Site in Inver Grove Heights eyed for training facility with a focus on crisis intervention

Dakota County has zeroed in on a site for the SMART Center – a future regional training center for crisis intervention and other collaborative efforts among law enforcement and other first responders.  

The County Board approved an agreement at its Feb. 5 meeting to purchase 6.27 acres west of the junction of Highway 55/52 and Concord Boulevard in southern Inver Grove Heights.

The purchase price is $1.08 million.

Last year, the county obtained $6.2 million in state bond funding through a competitive process for the planning, design, land acquisition and construction of a 35,000-square-foot Safety and Mental Health Alternative Response Training Center, which would be completed in April 2021. The county pledged that it would put $6.6 million into the project.

The county reported that the purchase price is within in the project’s budget.

A closing date will be set after the agreements are approved by the county and the city of Inver Grove Heights.

The County Board voted to remove a provision that the city of Inver Grove Heights could use of the training facility and meeting rooms at no cost to the city after Board Members Mike Slavik and Mary Liz Holberg expressed concerns about a carve out just for one city.

Taud Hoopingarner, county operations management director, said that cities law enforcement groups have free use of the site for training and meetings, and the county would work with all cities to coordinate use of the site. He added he didn’t think removal of the provision would be an issue for the city of Inver Grove Heights.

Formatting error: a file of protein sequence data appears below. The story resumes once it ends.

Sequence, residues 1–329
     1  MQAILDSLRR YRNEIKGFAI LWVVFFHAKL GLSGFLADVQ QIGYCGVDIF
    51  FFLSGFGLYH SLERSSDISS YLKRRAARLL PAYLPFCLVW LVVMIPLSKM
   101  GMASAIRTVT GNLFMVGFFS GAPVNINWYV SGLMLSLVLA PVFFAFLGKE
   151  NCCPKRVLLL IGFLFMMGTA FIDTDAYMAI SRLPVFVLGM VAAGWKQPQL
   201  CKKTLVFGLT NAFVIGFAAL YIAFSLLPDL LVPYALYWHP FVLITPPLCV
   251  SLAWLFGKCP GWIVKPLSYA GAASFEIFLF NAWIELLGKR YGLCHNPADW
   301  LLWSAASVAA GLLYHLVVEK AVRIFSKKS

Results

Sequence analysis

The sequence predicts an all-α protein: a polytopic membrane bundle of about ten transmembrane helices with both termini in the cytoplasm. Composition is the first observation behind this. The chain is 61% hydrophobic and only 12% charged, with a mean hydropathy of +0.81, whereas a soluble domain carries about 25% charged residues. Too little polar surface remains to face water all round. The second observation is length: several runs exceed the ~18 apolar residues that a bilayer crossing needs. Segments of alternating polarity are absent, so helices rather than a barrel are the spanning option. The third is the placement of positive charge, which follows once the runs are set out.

The city said it would waive platting services at no cost to the county.

The center will provide office and training space for the Minnesota Crisis Intervention Team, as well as regional public safety training, Dakota County Electronic Crimes Unit, Dakota County Drug Task Force, Dakota County Criminal Justice Network, and Sheriff’s Water Rescue and Recovery Fleet (along with some Minnesota Department of Natural Resources watercrafts) that respond to regional needs.

In explaining the need for the center, the county said that state law requires that law enforcement officers complete crisis response training but currently there is no permanent facility for the training, which would also be used by firefighters, paramedics and other first responders.

Crisis response training teaches first responders new “soft skills” to improve their interaction with people experiencing a mental health crisis, according to the county. Law enforcement officials say the number of emergency calls involving people in crisis is growing.

The county plans to lease space in the SMART Center to a nonprofit organization that specializes in crisis response training. Police officers, sheriff’s deputies and others from around the Twin Cities and beyond are projected to use the facility.

When the county was awarded the bond funding, Burnsville-based 360 Communities, which has domestic abuse prevention efforts and services, and the Minnesota Coalition for Battered Women looked forward to the center’s establishment.

“The Dakota County Electronic Crimes Unit is a crucial partner in supporting survivors of domestic and sexual violence,” said Ann Sheridan, 360 Communities director of violence prevention, in a press release. “The passage of this bonding bill and the expansion of this critical resource mean more justice for victims, accountability for perpetrators and a safer community for everyone.”

Inver Grove Heights’ Fire Station No. 2 is located adjacent to the future SMART Center.

Tad Johnson can be reached at

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